I've found that using embedded postscript (eps) with the pdflatex command, as opposed to the latex command, may require more effort; and potentially insecure write18 permissions with cygwin. No problem, I thought, I can just use latex. However, the two give different results.

I made a test by unzipping the Springer LNCS file llncs2e.zip. In the first case I used:

pdflatex llncs.dem && pdflatex llncs.dem

In the second case I used:

latex llncs.dem && latex llncs.dem && dvipdf llncs.dvi

In the second case I find that the bottom margin appears very large, while the top margin is too small; and don't think this looks acceptable. I'm not looking for a way to fix the margins, but would like to know where I went wrong in assuming that both routes would produce identical output.

  • I can't reproduce the problem. Both files look identical. You should provide some more information on the OS and LateX installation you use. Maybe you could post a picture to show what happens in your case. – Carsten Thiel Jun 18 '11 at 14:29

The llncs class should work just like the standard article class. You can specify the a4paper option to get A4 paper size, or omit it to get the letter paper size.

With pdflatex, this is all that you need.

With latex + dvips + ps2pdf, you will also need to specify the correct paper size on the dvips command line, for example, dvips -t a4. The dvipdf tool seems to be similar.

Note that dvips might or might not accidentally produce the correct paper size, depending on the configuration of your system. It might be best not to count on it; always specify the paper size on the command line, or you will have surprises when you try to compile it on another computer.

Finally, the LNCS books of course do not have the physical paper size of A4 or letter. If you want to produce a PDF file with a paper size that matches the final printed book, here you can find a very useful trick: use pdflatex and specify

\pdfpagesattr{/CropBox [92 112 523 778]}
  • So, the output of pdflatex uses a default papersize? And dvipdf will probably have a switch to set that. Is that what you mean? – user4417 Jun 20 '11 at 13:30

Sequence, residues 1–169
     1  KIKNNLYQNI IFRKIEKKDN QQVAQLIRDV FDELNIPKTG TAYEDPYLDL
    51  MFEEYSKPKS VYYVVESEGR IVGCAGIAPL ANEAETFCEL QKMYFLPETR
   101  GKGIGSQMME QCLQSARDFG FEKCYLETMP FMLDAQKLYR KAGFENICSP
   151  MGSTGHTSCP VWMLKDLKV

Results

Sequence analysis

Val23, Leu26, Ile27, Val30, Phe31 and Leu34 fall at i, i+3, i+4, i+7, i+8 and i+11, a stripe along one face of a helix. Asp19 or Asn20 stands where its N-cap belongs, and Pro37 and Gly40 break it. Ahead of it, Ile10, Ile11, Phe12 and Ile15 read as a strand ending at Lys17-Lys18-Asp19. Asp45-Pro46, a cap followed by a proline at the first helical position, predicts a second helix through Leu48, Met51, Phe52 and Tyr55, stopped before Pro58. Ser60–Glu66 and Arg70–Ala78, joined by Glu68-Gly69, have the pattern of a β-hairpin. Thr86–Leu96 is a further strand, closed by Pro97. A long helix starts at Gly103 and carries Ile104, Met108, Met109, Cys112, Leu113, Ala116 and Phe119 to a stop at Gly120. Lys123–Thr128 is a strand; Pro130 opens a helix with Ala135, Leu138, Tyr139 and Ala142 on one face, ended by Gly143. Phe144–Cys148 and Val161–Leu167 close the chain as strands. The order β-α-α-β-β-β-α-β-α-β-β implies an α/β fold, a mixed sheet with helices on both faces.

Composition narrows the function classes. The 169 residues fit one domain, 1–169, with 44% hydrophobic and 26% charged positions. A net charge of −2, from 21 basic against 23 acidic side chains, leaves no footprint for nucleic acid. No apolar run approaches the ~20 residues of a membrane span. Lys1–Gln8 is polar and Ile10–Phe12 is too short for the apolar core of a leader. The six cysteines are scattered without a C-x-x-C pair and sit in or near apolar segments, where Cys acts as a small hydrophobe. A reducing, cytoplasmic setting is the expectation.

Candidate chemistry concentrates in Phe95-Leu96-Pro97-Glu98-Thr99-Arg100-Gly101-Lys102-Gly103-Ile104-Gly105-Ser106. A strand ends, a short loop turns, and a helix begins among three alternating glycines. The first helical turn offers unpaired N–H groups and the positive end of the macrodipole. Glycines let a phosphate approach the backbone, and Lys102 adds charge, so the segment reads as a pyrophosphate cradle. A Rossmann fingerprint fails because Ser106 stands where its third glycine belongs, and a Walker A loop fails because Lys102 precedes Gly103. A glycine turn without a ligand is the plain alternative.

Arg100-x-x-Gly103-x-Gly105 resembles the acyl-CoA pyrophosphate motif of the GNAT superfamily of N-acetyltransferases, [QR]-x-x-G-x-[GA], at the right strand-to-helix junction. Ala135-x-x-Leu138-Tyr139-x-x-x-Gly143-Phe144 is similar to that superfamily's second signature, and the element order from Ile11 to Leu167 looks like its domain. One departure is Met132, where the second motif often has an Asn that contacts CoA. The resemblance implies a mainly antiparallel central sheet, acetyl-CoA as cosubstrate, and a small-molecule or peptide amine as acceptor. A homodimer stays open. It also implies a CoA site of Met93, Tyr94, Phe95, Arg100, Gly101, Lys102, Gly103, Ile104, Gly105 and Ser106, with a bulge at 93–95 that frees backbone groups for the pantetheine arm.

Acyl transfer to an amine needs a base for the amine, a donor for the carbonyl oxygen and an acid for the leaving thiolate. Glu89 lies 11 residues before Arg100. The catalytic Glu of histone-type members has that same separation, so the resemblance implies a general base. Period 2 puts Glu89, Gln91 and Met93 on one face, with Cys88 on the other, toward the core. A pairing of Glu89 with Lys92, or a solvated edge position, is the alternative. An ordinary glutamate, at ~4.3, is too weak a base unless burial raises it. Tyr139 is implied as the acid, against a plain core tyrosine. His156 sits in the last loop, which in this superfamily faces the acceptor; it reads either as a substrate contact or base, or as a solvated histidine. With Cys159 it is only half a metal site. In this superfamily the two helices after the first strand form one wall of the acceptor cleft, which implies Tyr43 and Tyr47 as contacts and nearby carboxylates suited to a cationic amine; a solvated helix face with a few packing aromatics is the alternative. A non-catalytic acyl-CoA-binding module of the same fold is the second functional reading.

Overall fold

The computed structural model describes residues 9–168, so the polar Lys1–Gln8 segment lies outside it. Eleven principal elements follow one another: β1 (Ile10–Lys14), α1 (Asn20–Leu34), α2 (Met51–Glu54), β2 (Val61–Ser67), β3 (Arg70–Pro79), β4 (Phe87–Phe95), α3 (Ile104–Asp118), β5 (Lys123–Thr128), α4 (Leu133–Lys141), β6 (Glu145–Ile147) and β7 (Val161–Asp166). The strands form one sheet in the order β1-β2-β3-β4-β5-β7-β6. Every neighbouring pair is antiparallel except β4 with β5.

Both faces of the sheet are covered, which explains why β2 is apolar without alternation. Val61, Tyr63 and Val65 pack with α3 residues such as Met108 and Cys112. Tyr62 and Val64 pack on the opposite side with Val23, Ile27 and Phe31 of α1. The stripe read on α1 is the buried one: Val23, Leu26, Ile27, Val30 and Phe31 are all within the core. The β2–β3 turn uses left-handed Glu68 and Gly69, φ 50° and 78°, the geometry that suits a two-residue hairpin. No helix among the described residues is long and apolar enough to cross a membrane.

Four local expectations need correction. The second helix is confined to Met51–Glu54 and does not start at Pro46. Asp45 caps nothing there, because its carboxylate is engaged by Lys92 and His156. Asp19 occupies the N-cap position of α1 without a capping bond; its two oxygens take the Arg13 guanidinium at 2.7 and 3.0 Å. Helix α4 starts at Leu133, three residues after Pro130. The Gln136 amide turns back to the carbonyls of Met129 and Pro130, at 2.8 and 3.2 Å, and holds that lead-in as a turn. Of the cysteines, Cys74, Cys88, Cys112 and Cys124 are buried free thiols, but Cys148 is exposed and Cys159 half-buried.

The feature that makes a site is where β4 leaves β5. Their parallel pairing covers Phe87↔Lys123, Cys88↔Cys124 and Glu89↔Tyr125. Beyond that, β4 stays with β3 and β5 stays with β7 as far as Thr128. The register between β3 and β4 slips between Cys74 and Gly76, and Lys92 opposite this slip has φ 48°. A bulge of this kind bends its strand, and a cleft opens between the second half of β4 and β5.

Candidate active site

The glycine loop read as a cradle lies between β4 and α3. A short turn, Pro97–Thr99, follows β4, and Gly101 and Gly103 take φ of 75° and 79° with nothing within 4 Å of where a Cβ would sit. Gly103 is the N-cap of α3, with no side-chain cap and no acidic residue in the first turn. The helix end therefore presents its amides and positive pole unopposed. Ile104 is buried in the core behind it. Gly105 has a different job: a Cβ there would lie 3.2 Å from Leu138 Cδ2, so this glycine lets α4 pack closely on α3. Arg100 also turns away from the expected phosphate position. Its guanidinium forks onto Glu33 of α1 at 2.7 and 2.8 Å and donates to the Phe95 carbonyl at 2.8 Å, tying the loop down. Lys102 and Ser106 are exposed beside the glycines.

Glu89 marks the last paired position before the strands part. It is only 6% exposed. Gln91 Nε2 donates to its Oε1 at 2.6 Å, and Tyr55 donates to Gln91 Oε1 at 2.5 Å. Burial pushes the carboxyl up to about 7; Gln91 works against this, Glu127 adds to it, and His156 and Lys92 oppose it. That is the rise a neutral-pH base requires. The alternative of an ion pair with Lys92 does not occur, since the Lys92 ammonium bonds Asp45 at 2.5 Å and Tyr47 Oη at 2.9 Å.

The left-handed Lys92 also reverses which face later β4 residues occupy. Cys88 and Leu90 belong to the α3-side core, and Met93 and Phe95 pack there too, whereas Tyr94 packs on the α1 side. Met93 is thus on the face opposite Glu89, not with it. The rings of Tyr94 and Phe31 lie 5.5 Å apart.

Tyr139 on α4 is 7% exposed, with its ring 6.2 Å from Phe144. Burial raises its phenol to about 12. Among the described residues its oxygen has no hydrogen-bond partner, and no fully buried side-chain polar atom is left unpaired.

• @user4417: AFAIK: pdflatex should use the paper size selected in the Latex source code, that is, A4 for a4paper and letter otherwise. dvipdf will ignore the Latex source code; it will use a default setting that depends on your system configuration. If you want to use dvipdf, use the right command line switch to override the default. – Jukka Suomela Jun 20 '11 at 13:39
  • I don't know where the paper size is selected in llncs.dem. I also can't find any command line switches for dvipdf which will take a4paper. I think I will just move to use pdflatex, and use epstopdf in my makefiles. – user4417 Jun 20 '11 at 13:59
  • 1
    IIRC, llncs delegates the paper size selection to the article class, which uses letter by default and A4 with the a4paper option. You can use dvips + ps2pdf instead of dvipdf, so that you can select the paper size, or you can edit the dvipdf script (it is a short shell script that invokes dvips). – Jukka Suomela Jun 20 '11 at 14:11

As far as I can see neither the class nor set the (pdf) paper size. Perhaps you get letterpaper in one case. Apart from this: all the different routes to pdf (pdflatex, xelatex, lualatex, latex+dvips+ps2pdf, latex+dvipdfmx, latex +...) can give different results.


The underlying cause are different coordinate-system conventions: Both DVI and PostScript have the origin in the top-left corner of the page, whereas PDF unfortunately moved it to the bottom-left corner.

So any program that converts between PostScript and PDF (or DVI and PDF) has to assume a paper height, and shift all coordinates by that height. Unfortunately, there are still two different commonly-used default paper heights: ISO A4 (297 mm) and U.S. Letter (279 mm). If one program assumes A4 and the other U.S. Letter, your text will move up or down by 297 mm - 279 = 18 mm. As others have already explained, setting the paper size consistently (preferably to the one that the document will ultimately be printed on) will fix this.

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